The conventional wisdom among hobbyist tortoise- keepers has been to place
their shelled wards in a shoebox
and store them in a dark place
However, more than half of
U.K. veterinarians surveyed reported that pet tortoises coming out of hibernation presented
with inappetance or anorexia.
The British Veterinary Association, the British Veterinary Zoological Society and the British
Small Animal Veterinary Association are teaming up on an
awareness effort to ensure that
tortoises emerge healthier from
The groups are urging tor-toisekeepers to start the hibernation later in November or December by using heat lamps to
keep the pets warm longer. A
delayed hibernation, they stated, allows the animal to bulk
up and reduces the chances of
depleted energy stores, dehydration or toxin accumulation.
The experts offered several
n Young tortoises should not
be hibernating until their sec-
ond, third or fourth winter, and
only for six weeks.
n Very young tortoises or
those with health issues should
n Tortoises should be taken
to a veterinarian for a prehiber-
nation checkup and weigh-in.
n Gradually cool a tortoise’s
environment in the weeks lead-
ing up to hibernation.
n Tortoises should be
checked weekly to ensure
weight loss doesn’t exceed 5
percent of their starting weight.
John Chitty, BVetMed, Cert-
ZooMed, urged owners to seek
the counsel of their veterinarian
before hibernation season.
“Veterinary surgeons and
nurses have a greater under-
standing of exotic pets now
thanks to an increase in edu-
cation and resources,” said Dr.
Chitty, vice president of the
British Small Animal Veterinary
Not all tortoises need to be
hibernated in the northern latitudes. Species requiring hibernation include Hermann’s,
Russian and marginated.
Changes urged in tortoise hibernation practices
www.VeterinaryPracticeNews.com NewsLine 18 l Veterinary Practice News l December 2016
Monoclonal antibody therapy is the fastest
growing therapeutic area in human medicine.
In recent years, research has focused on how
these therapies can be translated to animal
health. Specifically, Zoetis has invested in
bringing an innovative biological therapy to
the treatment of canine atopic dermatitis.
While many therapeutic options are available
for canine atopic dermatitis, there is room for
improvement. Dog owners are seeking treatments
that allow greater flexibility to suit their needs and
lifestyles—and with few side effects. Treatment
protocols may need to be customized for dogs
suffering from an acute condition compared to
dogs with seasonal allergies or those affected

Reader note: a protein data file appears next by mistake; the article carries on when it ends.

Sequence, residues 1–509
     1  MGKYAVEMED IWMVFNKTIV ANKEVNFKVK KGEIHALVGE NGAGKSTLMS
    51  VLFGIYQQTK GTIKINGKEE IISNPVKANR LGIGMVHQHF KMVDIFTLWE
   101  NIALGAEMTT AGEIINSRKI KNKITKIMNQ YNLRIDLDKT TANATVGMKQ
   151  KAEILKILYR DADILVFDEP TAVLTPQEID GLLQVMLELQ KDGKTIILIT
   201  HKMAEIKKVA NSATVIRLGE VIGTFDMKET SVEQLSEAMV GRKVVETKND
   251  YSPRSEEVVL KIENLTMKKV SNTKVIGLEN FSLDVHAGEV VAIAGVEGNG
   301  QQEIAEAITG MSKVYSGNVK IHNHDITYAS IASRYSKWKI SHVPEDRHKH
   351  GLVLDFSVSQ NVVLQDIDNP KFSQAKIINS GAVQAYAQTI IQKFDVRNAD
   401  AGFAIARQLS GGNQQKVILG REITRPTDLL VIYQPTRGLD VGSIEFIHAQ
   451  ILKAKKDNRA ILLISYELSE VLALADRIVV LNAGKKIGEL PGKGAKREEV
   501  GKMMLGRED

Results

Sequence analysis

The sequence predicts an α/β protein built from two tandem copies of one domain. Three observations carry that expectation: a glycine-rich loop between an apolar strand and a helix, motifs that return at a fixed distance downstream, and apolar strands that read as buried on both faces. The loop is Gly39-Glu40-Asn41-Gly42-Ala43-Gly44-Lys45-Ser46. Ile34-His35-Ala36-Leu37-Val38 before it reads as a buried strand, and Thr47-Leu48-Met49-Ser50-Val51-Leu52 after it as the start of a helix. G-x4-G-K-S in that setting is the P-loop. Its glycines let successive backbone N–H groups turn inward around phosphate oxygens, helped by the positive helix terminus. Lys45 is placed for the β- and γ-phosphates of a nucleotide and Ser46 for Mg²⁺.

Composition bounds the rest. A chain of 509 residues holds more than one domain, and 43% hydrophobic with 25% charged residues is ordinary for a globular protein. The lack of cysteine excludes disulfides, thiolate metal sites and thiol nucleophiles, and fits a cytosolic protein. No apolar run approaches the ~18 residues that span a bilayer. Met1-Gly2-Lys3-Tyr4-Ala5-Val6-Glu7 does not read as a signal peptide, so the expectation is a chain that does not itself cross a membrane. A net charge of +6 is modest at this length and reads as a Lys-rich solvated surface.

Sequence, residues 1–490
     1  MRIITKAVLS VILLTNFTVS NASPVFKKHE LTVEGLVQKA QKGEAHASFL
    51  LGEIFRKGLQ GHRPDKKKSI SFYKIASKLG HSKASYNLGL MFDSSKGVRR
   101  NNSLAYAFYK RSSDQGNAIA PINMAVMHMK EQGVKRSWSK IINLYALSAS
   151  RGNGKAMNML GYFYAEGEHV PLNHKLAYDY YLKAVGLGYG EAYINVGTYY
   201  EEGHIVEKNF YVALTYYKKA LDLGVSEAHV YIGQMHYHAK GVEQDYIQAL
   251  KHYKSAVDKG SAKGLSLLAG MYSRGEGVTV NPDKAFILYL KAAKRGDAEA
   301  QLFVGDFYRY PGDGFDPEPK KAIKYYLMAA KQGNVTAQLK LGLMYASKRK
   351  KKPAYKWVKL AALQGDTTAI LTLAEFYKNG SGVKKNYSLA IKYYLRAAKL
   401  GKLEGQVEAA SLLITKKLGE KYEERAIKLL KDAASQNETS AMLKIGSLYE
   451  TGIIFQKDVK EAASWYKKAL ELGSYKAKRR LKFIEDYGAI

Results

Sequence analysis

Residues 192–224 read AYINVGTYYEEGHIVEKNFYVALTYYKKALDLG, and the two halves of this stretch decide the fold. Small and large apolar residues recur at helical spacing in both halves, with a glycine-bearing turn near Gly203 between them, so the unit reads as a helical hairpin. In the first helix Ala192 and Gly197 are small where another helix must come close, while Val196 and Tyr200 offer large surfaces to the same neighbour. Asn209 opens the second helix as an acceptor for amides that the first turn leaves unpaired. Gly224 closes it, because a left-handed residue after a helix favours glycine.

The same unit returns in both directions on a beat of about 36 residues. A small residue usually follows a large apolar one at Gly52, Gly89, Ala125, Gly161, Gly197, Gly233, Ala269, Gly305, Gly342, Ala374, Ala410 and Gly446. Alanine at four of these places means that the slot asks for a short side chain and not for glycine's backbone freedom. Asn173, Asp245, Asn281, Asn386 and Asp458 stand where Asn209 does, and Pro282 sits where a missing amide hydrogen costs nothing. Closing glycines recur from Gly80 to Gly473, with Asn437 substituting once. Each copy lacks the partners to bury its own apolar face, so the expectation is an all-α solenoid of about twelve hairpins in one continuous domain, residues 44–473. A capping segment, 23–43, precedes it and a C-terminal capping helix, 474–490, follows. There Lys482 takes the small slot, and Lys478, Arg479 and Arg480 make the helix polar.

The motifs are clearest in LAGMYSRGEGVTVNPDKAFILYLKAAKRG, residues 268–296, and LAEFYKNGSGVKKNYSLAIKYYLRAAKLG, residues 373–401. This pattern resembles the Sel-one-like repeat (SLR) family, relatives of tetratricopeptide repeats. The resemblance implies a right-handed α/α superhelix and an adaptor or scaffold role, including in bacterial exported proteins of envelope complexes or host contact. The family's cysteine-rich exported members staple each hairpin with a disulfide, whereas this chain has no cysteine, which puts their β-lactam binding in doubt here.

year-round. Special consideration may need to
be given to dogs with atopic dermatitis that
are under 12 months of age, those already on
medications (such as NSAIDs) that limit additional
therapies or those with co-existing diseases
(such as neoplasia or serious infections) that may
impact therapeutic options.
Harnessing the power
of the immune system
Monoclonal antibodies (mAbs) are developed
in a laboratory from a single cell line and, when
administered to patients, target and neutralize
specific antigens. Unlike some biological therapies
such as vaccines, mAbs mimic the activity of the
animal’s own naturally produced antibodies without
provoking an immune response from the host.
Stopping the itch cycle before it starts
To create an effective mAb therapy, you first have to
determine the specific target(s) of most relevance to
the disease process. Research over the past decade
has shown that cytokines play an important role in
the cycle of itch and inflammation in canine atopic
dermatitis. Cytokines are proteins produced by cells
that act as messengers between cells to promote
and drive allergic inflammation.
Research at Zoetis has focused on the pruritogenic
cytokine interleukin (IL)- 31. A key function of IL- 31 is
to stimulate the neuronal itch pathway by activating
peripheral sensory nerves in areas of allergic
dermatitis. Additionally, the most recent research
would suggest that IL- 31 may have effects on the
immune functions and its possible role in other
inflammatory diseases. 1
A study has shown that IL- 31 can be identified in
the serum of dogs with atopic dermatitis, but not
in healthy dogs; and when IL- 31 is injected into
laboratory dogs, pruritic behaviors are induced. 2
Through this research, Zoetis has discovered and
manufactured an anti-IL- 31 monoclonal antibody that
will target and neutralize only this cytokine to rapidly
and effectively help reduce clinical signs of canine
atopic dermatitis. Because of the exquisite specificity
in the targeting of IL- 31, other cellular functions and
immune responses are not adversely affected.
Introducing Canine Atopic Dermatitis
A conditional license from the USDA was granted
to Zoetis in August 2015 for Canine Atopic
Dermatitis Immunotherapeutic*, a new treatment for
canine atopic dermatitis. Veterinary dermatologists
across the United States have since been using this
product—an injectable monoclonal antibody that
aids in the reduction of clinical signs associated with
atopic dermatitis in dogs.
“This is a first-of-its-kind antibody therapy in
veterinary medicine to help break the itch cycle
and provide relief for dogs that suffer from atopic
dermatitis. It also helps pet owners enjoy their
pets and avoid daily medications for itch relief,”
said Andrew Hiller, BVSc, MANZCVS, Dipl ACVD,
Veterinary Specialty Operations and Medical Lead
Allergy, Dermatology at Zoetis. This anti-IL- 31 mAb
was initially developed in the mouse. However, mouse
A New Treatment Option For Canine Atopic Dermatitis
52354 IL- 31 Advertorial-VPN.indd 1
Veterinarians and techni- cians scrambling for con- tinuing education credits
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